The Australian Law Reform Commission has just published a thought provoking issues paper on Copyright and the Digital Economy, ALRC Issues Paper 42, August 2012.
The ALRC has been charged with considering whether existing exceptions under Australian law are appropriate and whether further exceptions should recognize fair use of copyright material; allow transformative, innovative and collaborative use of copyright materials to create and deliver new products and services of public benefit; and allow appropriate access, use, interaction and production of copyright material online for social, private or domestic purposes.
This is not the first time that Australia has considered adopting a more open-ended approach to copyright limitations and exception. The 2005 “Fair Use Review” by the Attorney-General’s Department also looked at the appropriateness of introducing a general fair use exception. That review led to some piecemeal reforms, but left Australia with its complicated labyrinth of exceptions keyed to particular uses of particular types of works under particular circumstances, all subject to a balancing test not unlike the U.S. fair use doctrine.
The new ALRC report makes some interesting observations about how things have changed since the last time this issue was considered.
At page 78-79, the ALRC notes …
“There has been a noticeable degree of change with respect to technology and social uses of it, even since the Fair Use Review. In its preliminary discussions with some stakeholders and others with an interest in copyright, the ALRC heard that there may now be more of an appetite for a broad, flexible exception to copyright—perhaps based on US-style fair use—than in late 2006.
In January 2008, Barton Beebe’s empirical study of US fair use case law through to the year 2005 was published. (B Beebe, ‘An Empirical Study of US Copyright Fair Use Opinions, 1978–2005’ (2008) 156 University of Pennsylvania Law Review 549). He argued that the results ‘show that much of our conventional wisdom about that case law is mistaken’.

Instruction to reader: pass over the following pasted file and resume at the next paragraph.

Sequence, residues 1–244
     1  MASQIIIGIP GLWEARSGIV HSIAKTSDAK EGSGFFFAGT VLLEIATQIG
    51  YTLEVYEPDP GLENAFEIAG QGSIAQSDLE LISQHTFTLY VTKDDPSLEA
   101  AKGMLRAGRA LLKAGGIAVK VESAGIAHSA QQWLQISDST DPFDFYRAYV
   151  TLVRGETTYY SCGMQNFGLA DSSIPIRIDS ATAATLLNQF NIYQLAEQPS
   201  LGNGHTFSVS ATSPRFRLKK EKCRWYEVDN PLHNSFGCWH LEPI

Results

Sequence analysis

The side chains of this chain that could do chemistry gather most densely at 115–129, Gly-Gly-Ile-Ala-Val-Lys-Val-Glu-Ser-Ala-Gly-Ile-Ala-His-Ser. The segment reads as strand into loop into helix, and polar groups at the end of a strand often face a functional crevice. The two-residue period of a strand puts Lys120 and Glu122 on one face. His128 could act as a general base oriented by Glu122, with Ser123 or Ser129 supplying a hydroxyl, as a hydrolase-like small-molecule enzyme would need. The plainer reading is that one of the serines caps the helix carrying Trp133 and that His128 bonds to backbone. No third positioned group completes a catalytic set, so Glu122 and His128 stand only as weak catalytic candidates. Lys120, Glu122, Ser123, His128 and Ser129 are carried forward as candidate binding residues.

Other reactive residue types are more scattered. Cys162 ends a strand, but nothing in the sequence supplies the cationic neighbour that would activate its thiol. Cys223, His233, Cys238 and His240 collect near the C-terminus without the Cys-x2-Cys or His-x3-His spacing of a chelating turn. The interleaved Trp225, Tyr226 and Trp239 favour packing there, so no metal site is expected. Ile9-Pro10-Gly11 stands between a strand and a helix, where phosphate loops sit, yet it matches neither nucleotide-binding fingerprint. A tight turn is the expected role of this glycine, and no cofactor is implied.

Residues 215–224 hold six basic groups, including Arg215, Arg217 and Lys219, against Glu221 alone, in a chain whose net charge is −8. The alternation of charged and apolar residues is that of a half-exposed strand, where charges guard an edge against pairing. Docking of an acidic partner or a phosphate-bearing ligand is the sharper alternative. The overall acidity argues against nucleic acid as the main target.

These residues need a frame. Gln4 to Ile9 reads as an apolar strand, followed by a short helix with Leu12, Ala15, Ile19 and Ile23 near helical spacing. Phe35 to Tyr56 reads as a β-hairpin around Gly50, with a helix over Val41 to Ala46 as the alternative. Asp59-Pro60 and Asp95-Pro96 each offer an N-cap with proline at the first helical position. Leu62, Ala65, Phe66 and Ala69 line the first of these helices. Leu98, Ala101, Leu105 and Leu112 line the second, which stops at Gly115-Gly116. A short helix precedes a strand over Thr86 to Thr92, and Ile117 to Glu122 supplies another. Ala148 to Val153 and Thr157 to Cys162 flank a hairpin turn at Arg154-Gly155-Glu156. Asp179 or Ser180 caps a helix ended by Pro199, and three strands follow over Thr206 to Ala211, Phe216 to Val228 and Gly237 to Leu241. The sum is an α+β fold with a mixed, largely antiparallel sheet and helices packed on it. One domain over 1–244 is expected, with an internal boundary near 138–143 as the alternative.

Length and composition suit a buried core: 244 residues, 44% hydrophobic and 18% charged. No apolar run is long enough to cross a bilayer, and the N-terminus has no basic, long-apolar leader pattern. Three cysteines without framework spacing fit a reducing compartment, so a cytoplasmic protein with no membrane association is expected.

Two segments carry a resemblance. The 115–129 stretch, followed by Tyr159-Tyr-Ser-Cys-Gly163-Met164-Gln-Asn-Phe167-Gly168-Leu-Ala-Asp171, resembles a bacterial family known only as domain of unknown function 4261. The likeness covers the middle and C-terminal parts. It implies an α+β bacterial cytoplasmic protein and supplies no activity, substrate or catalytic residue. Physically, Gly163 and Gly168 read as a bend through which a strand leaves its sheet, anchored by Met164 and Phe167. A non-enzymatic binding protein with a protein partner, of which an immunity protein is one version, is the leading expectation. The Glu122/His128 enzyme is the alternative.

In 2009, [Pamela] Samuelson published her ‘qualitative assessment’ of the fair use case law, which was built upon Beebe’s study (P Samuelson, ‘Unbundling Fair Uses’ (2009) 77 Fordham Law Review 2537). Samuelson has argued that ‘fair use is both more coherent and more predictable than many commentators have perceived once one recognizes that fair use cases tend to fall into common patterns’.
Earlier in 2012, Matthew Sag published his work that built upon these two studies (M Sag, ‘Predicting Fair Use’ (2012) 73 Ohio State Law Journal 47). He went further than Samuelson and ‘assesse[d] the predictability of fair use in terms of case facts which exist prior to any judicial determination’. He argued that his work demonstrates that “the uncertainty critique is somewhat overblown: an empirical analysis of the case law shows that, while there are many shades of gray in fair use litigation, there are also consistent patterns that can assist individuals, businesses, and lawyers in assessing the merits of particular claims to fair use protection.”
In my view, if Australian companies are going to have a fair chance to compete in the global digital economy, Australia needs to adopt a more flexible approach to copyright exceptions and limitations. When new issues arise in the United States, they are dealt with by the courts. Litigation is far from perfect, but it beats waiting around for a slow-moving, special-interest-beholden, narrowly focused legislative process. More often than not, Australian copyright law tends to echo the results of United States cases, just with a significant delay that limits the innovation opportunities of Australian companies.
Without a fair use doctrine, Australian innovators need to wait for permission regardless of how fair their intended use might be. In contrast, their American counterparts can back their own judgement as to fair use, and ultimately, if necessary, defend that judgment in court.
Online submissions to the ALRC can be made here. A final Report will then be delivered by 30 November 2013.